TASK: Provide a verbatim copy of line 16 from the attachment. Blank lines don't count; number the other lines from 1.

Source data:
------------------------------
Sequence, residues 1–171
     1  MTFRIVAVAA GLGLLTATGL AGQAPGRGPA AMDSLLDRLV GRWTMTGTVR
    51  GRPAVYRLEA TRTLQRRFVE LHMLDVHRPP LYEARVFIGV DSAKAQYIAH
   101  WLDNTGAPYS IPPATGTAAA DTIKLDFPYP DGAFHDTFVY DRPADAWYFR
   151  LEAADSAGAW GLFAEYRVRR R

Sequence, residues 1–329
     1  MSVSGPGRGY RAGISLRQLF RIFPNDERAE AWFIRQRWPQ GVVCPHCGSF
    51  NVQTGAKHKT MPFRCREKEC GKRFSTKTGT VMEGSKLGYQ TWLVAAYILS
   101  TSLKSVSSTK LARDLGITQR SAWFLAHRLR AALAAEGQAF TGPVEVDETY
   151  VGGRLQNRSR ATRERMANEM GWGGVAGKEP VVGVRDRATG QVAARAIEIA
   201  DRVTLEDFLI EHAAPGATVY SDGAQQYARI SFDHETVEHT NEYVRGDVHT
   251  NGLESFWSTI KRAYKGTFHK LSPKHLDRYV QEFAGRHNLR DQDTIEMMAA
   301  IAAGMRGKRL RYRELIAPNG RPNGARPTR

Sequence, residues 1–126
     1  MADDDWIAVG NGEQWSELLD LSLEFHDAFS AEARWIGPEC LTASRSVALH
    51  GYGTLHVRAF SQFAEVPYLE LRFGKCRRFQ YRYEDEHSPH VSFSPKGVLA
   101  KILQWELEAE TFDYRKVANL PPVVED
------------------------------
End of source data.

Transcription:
    51  GYGTLHVRAF SQFAEVPYLE LRFGKCRRFQ YRYEDEHSPH VSFSPKGVLA